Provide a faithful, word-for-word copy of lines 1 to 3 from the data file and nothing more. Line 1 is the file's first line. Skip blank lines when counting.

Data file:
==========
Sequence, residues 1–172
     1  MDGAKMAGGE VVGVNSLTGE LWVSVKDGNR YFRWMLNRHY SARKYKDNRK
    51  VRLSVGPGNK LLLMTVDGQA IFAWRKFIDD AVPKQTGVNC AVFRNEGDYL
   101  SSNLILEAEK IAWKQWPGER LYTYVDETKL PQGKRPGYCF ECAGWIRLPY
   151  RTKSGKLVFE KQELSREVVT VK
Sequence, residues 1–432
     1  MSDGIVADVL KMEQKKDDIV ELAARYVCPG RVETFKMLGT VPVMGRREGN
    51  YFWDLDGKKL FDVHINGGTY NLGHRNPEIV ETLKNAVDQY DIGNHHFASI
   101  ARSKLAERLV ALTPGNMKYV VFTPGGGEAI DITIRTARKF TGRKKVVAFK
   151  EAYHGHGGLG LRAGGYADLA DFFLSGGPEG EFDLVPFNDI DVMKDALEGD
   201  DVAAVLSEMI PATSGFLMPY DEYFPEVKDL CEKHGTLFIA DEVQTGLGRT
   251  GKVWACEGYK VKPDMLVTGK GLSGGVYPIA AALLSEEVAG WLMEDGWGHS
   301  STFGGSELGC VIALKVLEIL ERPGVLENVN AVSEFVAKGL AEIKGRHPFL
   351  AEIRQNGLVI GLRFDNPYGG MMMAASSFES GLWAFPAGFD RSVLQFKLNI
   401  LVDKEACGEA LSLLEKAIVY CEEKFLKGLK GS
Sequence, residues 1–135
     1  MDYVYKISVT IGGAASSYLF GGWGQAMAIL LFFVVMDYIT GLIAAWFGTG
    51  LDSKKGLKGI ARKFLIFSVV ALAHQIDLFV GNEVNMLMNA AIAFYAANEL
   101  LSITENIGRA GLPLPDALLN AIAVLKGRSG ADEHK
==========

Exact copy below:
Sequence, residues 1–172
     1  MDGAKMAGGE VVGVNSLTGE LWVSVKDGNR YFRWMLNRHY SARKYKDNRK
    51  VRLSVGPGNK LLLMTVDGQA IFAWRKFIDD AVPKQTGVNC AVFRNEGDYL